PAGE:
University of Minnesota Extension
www.extension.umn.edu
612-624-1222
Menu Menu

Extension > Agriculture > Manure Management and Air Quality > Use of a soil hydrometer to determine nitrogen and phosphorus in liquid swine manure

Use of a soil hydrometer to determine nitrogen and phosphorus in liquid swine manure

Jun Zhu, University of Minnesota

Printer friendly PDF version

An important component of on-farm nutrient management is estimation of nutrient contents in liquid manure prior to land application. However, to date, there have been few techniques easy to use by animal producers to quickly test the nutrient contents in the liquid manure, such as total nitrogen (TN) and phosphorus (TP). By and large, it is difficult, and usually inaccurate, to measure the concentrations of TN and TP in bulk liquid in storage facilities even during agitation. A better alternative is to take real-time measurements during application. In a recent study, the UMN researchers have developed an improved method using a soil hydrometer to measure the specific gravity of liquid manure and then relate it to the nutrients concentrations in the manure. Having been tested on 6 gestation, 6 finishing, and 5 nursery farms, the method is believed to be able to present reliable results in determining TN and TP in liquid manure from pigs at different growth stages.

What you need to run the measurement

hydrometer

Figure 1. The hydrometer and the jar used in the measurement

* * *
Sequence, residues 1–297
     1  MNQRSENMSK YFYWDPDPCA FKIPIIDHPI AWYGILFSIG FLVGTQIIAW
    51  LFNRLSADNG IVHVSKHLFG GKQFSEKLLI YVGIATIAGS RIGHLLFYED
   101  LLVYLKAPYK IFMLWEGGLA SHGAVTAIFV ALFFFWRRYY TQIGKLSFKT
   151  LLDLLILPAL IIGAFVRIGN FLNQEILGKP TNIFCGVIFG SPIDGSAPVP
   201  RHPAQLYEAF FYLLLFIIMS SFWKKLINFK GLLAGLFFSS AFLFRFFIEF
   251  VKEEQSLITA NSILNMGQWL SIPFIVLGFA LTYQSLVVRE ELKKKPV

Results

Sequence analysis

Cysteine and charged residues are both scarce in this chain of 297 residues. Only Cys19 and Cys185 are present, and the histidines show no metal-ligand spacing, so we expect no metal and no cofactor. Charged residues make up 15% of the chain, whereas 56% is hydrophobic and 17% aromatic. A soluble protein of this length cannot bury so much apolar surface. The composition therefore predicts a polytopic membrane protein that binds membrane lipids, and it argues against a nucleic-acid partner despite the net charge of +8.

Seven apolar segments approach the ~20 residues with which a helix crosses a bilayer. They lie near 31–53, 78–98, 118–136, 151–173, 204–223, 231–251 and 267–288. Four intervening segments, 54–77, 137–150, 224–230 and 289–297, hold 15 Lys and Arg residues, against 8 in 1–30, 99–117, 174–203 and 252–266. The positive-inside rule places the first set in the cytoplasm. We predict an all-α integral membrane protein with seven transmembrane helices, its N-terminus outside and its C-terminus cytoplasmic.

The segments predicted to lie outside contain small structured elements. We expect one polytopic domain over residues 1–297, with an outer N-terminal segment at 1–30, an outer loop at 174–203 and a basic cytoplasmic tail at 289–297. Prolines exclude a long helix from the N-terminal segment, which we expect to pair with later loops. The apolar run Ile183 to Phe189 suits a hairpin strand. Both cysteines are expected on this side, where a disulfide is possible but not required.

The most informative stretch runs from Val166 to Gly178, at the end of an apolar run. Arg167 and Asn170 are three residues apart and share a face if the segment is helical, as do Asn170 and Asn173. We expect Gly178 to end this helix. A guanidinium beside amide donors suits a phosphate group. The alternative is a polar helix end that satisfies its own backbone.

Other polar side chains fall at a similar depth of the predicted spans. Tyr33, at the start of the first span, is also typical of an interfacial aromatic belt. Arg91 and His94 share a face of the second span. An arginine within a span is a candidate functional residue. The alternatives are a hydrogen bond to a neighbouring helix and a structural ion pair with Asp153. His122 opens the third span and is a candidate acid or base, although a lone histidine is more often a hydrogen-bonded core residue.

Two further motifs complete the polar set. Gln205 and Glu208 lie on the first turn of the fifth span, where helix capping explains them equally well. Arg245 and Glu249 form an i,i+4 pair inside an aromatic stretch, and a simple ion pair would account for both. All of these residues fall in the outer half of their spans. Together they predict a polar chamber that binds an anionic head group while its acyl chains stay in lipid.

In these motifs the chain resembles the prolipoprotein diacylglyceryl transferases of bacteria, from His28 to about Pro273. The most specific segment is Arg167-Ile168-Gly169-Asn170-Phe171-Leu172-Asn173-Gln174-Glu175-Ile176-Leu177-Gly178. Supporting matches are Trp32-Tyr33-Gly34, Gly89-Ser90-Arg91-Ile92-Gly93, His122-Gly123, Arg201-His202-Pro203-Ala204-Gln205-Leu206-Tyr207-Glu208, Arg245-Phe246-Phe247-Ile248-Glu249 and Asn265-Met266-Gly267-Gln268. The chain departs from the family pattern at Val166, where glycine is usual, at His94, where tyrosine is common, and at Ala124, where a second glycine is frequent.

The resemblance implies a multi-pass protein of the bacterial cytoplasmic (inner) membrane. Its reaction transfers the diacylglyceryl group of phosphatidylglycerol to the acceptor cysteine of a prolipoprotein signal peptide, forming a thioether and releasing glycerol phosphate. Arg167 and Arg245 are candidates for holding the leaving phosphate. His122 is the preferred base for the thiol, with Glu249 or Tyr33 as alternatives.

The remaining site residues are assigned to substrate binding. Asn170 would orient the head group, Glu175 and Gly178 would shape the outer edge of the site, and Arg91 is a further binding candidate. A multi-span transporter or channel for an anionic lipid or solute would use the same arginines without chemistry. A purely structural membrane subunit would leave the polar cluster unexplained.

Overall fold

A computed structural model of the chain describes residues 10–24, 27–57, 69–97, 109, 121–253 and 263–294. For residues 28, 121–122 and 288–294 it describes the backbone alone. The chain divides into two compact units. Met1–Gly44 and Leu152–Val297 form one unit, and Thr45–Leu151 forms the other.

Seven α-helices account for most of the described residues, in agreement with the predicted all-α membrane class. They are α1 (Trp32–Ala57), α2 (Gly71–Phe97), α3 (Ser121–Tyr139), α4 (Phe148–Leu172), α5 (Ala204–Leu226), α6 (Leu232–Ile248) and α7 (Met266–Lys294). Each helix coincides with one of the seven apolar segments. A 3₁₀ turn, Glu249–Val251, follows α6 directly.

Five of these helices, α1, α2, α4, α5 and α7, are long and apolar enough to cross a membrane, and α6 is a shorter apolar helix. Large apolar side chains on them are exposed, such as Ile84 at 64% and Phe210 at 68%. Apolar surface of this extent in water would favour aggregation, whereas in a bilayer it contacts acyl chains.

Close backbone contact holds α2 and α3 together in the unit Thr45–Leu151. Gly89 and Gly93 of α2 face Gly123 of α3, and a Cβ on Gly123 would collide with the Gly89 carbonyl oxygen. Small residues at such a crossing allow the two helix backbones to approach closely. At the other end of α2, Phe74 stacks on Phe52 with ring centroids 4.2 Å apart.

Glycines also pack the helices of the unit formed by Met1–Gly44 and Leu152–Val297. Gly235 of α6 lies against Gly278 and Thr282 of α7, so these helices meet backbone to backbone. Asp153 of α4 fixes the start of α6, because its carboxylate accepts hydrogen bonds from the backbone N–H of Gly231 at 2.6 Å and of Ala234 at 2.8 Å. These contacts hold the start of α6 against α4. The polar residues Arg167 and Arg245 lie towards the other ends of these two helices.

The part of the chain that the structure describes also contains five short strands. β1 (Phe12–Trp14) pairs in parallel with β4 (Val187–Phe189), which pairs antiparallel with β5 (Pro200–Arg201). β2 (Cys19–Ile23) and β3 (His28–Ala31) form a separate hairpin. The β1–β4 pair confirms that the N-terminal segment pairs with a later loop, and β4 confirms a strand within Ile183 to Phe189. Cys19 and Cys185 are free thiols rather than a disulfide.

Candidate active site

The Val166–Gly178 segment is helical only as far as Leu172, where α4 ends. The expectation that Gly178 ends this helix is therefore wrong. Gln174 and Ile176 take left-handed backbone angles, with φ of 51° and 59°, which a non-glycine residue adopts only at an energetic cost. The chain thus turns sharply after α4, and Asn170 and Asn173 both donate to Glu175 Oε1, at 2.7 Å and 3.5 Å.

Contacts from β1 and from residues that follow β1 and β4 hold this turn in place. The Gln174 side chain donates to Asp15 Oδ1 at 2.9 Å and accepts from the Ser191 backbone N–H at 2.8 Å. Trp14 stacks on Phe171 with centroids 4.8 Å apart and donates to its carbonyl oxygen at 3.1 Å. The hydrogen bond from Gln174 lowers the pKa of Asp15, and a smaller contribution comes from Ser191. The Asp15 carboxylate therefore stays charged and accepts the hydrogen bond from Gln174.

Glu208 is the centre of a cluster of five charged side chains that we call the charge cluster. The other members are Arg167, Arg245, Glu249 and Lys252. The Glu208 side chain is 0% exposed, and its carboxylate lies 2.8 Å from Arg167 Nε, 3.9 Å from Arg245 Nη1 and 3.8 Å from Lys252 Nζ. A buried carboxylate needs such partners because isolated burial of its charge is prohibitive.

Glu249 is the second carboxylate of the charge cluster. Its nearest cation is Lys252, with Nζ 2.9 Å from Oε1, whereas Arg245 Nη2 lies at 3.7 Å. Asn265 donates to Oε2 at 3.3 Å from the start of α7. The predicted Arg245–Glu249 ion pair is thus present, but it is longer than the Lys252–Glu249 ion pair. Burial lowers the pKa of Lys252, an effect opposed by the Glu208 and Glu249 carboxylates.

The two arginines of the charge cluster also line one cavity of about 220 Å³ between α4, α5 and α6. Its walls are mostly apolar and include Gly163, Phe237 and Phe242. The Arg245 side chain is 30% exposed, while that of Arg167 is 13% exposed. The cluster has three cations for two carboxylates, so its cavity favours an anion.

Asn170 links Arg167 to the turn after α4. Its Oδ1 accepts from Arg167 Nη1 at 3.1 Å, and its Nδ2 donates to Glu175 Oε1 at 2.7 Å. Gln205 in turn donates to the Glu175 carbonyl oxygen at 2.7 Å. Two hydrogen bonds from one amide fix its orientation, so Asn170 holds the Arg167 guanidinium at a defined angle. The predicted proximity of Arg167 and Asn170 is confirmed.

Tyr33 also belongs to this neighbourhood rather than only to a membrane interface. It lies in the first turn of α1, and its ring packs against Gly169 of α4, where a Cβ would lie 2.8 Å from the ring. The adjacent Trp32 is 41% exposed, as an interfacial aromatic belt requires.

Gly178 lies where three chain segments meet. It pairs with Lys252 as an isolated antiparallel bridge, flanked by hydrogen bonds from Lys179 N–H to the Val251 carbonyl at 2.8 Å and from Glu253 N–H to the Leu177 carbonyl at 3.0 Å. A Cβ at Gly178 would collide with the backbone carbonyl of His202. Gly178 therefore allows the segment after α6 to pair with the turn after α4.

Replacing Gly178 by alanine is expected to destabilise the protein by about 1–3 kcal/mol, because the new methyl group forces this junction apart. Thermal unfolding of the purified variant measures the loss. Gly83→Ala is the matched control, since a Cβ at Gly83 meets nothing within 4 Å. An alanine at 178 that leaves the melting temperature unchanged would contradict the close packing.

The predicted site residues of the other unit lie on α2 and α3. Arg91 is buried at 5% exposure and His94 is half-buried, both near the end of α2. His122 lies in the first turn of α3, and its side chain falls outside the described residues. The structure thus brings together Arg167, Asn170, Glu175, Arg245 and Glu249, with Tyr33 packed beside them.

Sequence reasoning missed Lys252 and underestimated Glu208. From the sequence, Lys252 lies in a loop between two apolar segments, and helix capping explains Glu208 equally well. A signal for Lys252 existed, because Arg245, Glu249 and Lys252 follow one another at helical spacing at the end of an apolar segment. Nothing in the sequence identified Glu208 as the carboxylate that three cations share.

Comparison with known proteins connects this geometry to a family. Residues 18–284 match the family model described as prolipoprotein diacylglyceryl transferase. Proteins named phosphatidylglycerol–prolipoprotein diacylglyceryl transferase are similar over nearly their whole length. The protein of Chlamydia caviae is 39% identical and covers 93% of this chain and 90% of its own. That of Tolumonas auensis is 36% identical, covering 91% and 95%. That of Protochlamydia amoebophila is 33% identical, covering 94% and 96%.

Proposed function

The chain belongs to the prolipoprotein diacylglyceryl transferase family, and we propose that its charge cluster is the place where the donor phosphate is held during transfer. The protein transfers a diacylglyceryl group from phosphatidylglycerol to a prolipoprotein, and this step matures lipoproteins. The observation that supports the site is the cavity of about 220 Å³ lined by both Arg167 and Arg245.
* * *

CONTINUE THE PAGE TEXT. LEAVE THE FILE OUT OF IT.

The tools involved in the measurement are quite simple, i.e., a soil hydrometer (see Figure 1), which can be purchased from the ColeParmer Company (catalog number: A-08292-16, with precision at 0.0005 divisions; cost: $27), a hydrometer jar also from ColeParmer (catalog number A-06135-65, 500 mL; cost: $17.50), a brush of any type but has to fit into the jar for agitation, and three sets of equations for manure from pigs at three growth stages, which are presented below.

TN =  total nitrogen, ppm
TP = total phosphorus, ppm
SG = specific gravity (measured by the hydrometer)
TN  =  -178128 + 177348 SG (finishing)
TP =  -29430 + 29407 SG (finishing)
TN =  -102806 + 102609 SG (gestation)
TP =  -95802 + 95564 SG (gestation)
TN =  -192739 + 192510 SG (nursery)
TP =  -26347 + 26333 SG (nursery)

Steps to do the measurement

  1. Fill the hydrometer jar with the manure sample
  2. Use the brush to thoroughly mix the sample in the jar
  3. Place the hydrometer in the jar immediately after mixing and take a reading within 10 seconds
  4. Calculate TN and TP concentrations using respective equations based on the hydrometer readings

What are the error ranges by using this method

Based on our analysis, the error ranges for nutrients estimation could be ±17% for TN and ±12% for TP for finishing manure, ±10% for TN and ±11% for TP for gestation manure, and ±13% for both TN and TP for nursery manure.

Possible ways to reduce errors in estimation

An example of calculation

Assuming the hydrometer reading for nursery manure is 1.009 (SG) and referring to the equations for nursery pigs, the concentrations of total nitrogen and total phosphorus in the manure will be:

TN = -192739 + 192510 x 1.009 = 1504 ppm = 1.504 x 10 -3 kg/L

TP = -26347 + 26333 x 1.009 = 223 ppm = 0.223 x 10 -3 kg/L

By converting the results to the unit commonly used by the producers (lb/1000 gallons of manure), we have:

TN = 1.504 x 10 -3 kg/L x 2.2 lb/kg = 3.309 x 10 -3 lb/L x 3785 L/1000 gal. = 12.5 lb/1000 gal.

TP = 0.223 x 10 -3 kg/L x 2.2 lb/kg = 0.491 x 10 -3 lb/L x 3785 L/1000 gal. = 1.86 lb/1000 gal.


Copyright © 2013 Regents of the University of Minnesota. All rights reserved.
M1184 2005

  • © 2014 Regents of the University of Minnesota. All rights reserved.
  • The University of Minnesota is an equal opportunity educator and employer. Privacy